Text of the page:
Proteasome inhibition up-regulates p53 and apoptosis-inducing factor in chondrocytes causing severe growth retardation in mice

Farasat Zaman, Victoria Menendez-Benito, Emma Eriksson, Andrei S. Chagin, Masaharu Takigawa, Bengt Fadeel, Nico P. Dantuma, Dionisios Chrysis, Lars Sävendahl

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29 Citations (Scopus)


Proteasome inhibitors (PI), a novel class of anticancer drugs, are relatively well tolerated and have recently been introduced into the clinic for the treatment of multiple myeloma. The tumor selectivity and low toxicity of PIs are surprising, given the crucial role of the ubiquitin/proteasome system in a multitude of cellular processes. Here, we show that systemic administration of PIs specifically impairs the ubiquitin/ proteasome system in growth plate chondrocytes. Importantly, young mice displayed severe growth retardation during treatment as well as 45 days after the cessation of treatment with clinically relevant amounts of MG262 (0.2 μmol/kg body weight/injection) or bortezomib (1.0 mg/kg body weight/injection). Dysfunction of the ubiquitin/proteasome system was accompanied by the induction of apoptosis of stem-like and proliferative chondrocytes in the growth plate. These results were recapitulated in cultured fetal rat metatarsal bones and chondrocytic cell lines (rat, human). Apoptosis was associated with up-regulation of the proapoptotic molecules, p53 and apoptosis-inducing factor (AIF), both in vitro and in vivo. In addition to the observation that AIF is expressed in the growth plate, we also provide evidence that AIF serves as a direct target protein for ubiquitin, thus explaining its prominent up-regulation upon proteasome inhibition. Suppression of p53 or AIF expression with small interfering RNAs partly rescued chondrocytes from proteasome inhibition-induced apoptosis (35% and 41%, respectively). Our observations show that proteasome inhibition may selectively target essential cell populations in the growth plate causing significant growth failure. These findings could have important implications for the use of proteasome inhibitors in the treatment of childhood cancer.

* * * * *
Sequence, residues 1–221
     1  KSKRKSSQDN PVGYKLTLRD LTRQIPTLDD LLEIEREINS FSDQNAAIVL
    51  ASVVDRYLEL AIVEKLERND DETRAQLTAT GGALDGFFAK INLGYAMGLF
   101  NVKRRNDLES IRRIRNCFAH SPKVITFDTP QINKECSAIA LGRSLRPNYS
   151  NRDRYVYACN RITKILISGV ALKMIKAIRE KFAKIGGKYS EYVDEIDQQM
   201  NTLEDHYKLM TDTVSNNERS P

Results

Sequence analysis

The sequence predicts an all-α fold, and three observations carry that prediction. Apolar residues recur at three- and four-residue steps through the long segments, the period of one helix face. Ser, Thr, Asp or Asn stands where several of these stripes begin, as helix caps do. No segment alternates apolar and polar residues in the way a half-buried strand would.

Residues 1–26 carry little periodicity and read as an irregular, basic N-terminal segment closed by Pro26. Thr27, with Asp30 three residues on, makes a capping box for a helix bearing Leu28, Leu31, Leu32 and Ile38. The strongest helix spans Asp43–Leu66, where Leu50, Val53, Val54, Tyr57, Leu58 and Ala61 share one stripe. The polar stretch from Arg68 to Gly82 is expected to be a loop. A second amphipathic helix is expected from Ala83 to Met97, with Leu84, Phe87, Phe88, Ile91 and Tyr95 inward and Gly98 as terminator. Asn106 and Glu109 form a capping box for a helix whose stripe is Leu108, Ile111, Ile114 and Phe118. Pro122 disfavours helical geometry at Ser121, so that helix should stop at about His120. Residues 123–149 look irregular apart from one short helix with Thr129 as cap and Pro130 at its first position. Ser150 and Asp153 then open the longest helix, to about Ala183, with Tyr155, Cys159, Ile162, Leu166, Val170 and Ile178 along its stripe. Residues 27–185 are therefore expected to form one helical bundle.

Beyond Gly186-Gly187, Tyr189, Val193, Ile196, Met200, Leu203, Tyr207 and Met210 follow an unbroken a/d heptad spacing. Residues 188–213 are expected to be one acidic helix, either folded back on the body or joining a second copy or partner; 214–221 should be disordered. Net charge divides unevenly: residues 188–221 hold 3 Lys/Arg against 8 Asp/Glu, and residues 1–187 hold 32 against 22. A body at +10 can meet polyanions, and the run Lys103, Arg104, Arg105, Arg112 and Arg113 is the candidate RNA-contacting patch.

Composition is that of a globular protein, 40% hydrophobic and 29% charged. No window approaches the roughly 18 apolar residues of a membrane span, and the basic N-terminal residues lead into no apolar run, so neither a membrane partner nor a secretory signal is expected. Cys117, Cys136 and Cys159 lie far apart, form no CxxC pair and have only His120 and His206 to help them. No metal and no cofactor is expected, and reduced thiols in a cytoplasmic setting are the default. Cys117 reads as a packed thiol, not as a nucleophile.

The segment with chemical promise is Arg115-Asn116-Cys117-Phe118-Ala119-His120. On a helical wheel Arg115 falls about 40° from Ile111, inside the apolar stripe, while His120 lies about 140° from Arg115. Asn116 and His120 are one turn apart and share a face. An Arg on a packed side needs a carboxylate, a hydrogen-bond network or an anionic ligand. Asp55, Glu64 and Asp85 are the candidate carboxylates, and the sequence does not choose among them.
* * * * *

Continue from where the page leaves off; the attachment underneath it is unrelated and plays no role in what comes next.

Original languageEnglish
Pages (from-to)10078-10086
Number of pages9
JournalCancer Research
Issue number20
Publication statusPublished - Oct 15 2007

ASJC Scopus subject areas

  • Oncology
  • Cancer Research


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